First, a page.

, but seek their redress. Against this strength, it as the means of individual gratification, such is something more wild than madness, and a jealousy of popular independence is suffimore contemptible than folly, to think of ar- ciently intelligible: but, in a government like raying an additional phalanx of abuses, and ours, where all the powers of the Crown are drawing out a wider range of corruptions universally acknowledged to exist for the good In that contest, the issue cannot be doubtful, of the people, it is evidently quite extravagant nor the conflict long; and, deplorable as the to fear, that any increase of union and intellirictory will be, which is gained over order, gence -- any growing love of freedom and as well as over guilt, the blame will rest hea justice in the people — should endanger, or viest upon

those whose offences first provoked, should fail to confirm, all those powers and may very probably turn out a sanguinary prerogatives. and an unjustifiable vengeance.

We have not left ourselves room to ente: The conclusions, then, which we would more at large into this interesting question ; draw from the facts that have been relied on but we feel perfectly assured, and ready w by the enemies of reform, are indeed of a maintain, that, as the institution of a limited, very opposite description from theirs; and the hereditary monarchy, must always appear the



wisest and most reasonable of all human in- in short, who reigns by the fair exercise of stitutions, and that to which increasing reflec- his prerogative, can have no enemies among tion and experience will infallibly attach men the lovers of regulated freedom; and the hosmore and more as the world advances; so, the tility of such men-by far the most terrible prerogatives of such a monarch will always of all internal hostility-can only be directed de safer and more inviolate, the more the towards him, when his throne is enveloped, sentiment of liberty, and the love of their by treacherous advisers, with the hosts of political rights, is diffused and encouraged corruption; and disguised, for their ends, in among his people. A legitimate sovereign, the borrowed colours of tyranny.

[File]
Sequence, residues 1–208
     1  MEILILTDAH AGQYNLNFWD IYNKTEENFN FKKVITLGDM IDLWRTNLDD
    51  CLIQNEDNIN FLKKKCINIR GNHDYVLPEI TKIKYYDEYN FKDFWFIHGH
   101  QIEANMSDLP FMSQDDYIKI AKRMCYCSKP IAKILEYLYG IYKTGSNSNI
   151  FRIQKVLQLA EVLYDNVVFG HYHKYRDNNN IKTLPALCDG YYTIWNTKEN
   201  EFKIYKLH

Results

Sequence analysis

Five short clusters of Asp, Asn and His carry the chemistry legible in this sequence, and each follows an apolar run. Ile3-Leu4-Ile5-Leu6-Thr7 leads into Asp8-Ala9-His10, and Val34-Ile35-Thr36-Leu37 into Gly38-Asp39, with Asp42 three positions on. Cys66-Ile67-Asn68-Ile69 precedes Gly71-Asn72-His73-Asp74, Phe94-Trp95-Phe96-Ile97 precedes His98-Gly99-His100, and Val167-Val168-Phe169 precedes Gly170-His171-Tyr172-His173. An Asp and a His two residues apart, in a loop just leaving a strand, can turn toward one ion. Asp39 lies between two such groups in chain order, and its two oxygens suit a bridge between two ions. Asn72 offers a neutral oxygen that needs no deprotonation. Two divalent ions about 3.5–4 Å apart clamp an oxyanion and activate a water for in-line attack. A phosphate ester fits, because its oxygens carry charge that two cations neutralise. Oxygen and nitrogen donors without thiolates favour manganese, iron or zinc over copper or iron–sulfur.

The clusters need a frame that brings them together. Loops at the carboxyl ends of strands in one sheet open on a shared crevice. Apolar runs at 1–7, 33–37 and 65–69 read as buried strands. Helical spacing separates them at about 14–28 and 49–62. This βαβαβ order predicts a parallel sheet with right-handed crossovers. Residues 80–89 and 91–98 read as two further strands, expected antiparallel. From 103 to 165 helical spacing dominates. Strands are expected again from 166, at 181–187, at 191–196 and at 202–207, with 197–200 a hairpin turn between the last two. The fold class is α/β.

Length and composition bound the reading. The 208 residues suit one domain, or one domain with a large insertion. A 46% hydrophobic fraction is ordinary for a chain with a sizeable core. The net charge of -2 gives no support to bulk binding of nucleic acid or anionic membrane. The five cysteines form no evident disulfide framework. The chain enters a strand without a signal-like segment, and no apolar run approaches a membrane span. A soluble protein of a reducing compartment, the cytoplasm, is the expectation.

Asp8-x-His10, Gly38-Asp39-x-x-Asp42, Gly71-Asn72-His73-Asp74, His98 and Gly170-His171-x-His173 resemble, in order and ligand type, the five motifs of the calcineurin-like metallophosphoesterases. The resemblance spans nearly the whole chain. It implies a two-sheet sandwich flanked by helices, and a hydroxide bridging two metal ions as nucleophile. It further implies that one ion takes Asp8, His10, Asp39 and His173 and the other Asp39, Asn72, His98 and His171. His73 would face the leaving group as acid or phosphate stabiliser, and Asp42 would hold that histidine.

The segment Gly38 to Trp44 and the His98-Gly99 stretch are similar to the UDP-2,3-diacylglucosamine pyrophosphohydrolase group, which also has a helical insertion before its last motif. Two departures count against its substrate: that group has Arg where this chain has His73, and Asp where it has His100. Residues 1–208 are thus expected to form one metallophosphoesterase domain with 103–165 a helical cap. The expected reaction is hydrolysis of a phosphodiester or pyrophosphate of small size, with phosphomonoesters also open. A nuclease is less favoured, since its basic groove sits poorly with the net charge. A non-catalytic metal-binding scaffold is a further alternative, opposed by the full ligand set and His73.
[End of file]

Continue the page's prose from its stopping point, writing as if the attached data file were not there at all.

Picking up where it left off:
(Ianuary, 1810.) Short Remarks on the State of Parties at the Close of the Year 1809. 8vo. pp. 30.

London : 1809.*

The parties of which we now wish to speak, / both parties, and looking on both with too visiare not the parties in the Cabinet, --nor even ble a resentment, aversion, and alarm. The the parties in Parliament, but the Parties in two great divisions, in the mean time, are the Nation;—that nation, whose opinions and daily provoking each other to greater excesses, whose spirit ought to admonish and control and recruiting their hostile ranks, as they ad. both Cabinet and Parliament, but which now vance, from the diminishing mass of the calm seems to us to be itself breaking rapidly into and the neutral. Every hour the rising tides two furious and irreconcileable parties; by are eating away the narrow isthmus upon whose collision, if it be not prevented, our which the adherents of the Constitution now constitution and independence must be ulti- appear to be stationed; and every hour it be. mately destroyed. We have said before, that comes more necessary for them to oppose the root of all our misfortunes was in the state some barrier to their encroachments. of the People, and not in the constitution of If the two extreme parties are once perthe legislature; and the more we see and mitted to shock together in open conflict, there reflect, the more we are satisfied of this truth. is an end to the freedom, and almost to the It is in vain to cleanse the conduits and reser- existence of the nation,—whatever be the revoirs, if the fountain itself be tainted and sult,-although that is not doubtful: And the impure. If the body of the people be infatu- only human means of preventing a consumated, or corrupt or depraved, it is vain to talk mation to which things seem so obviously of improving their representation.

tending, is for the remaining friends of the The dangers, and the corruptions, and the constitution to unbend from their cold and prodigies of the times, have very nearly put repulsive neutrality, and to join themselves to an end to all neutrality and moderation in the more respectable members of the party politics; and the great body of the nation ap- to which they have the greatest affinity; and pears to us to be divided into two violent and thus, by the weight of their character, and most pernicious factions ;—the courtiers, who the force of their talents, to temper its violence are almost for arbitrary power,—and the de. and moderate its excesses, till it can be guided mocrats, who are almost for revolution and in safety to the defence, and not to the de. republicanism. Between these stand a small

, struction, of our liberties. In the present but most respectable band—the friends of crisis, we have no hesitation in saying, that it liberty and of order—the Old Constitutional is to the popular side that the friends of the Whigs of England with the best talents and constitution must turn themselves; and that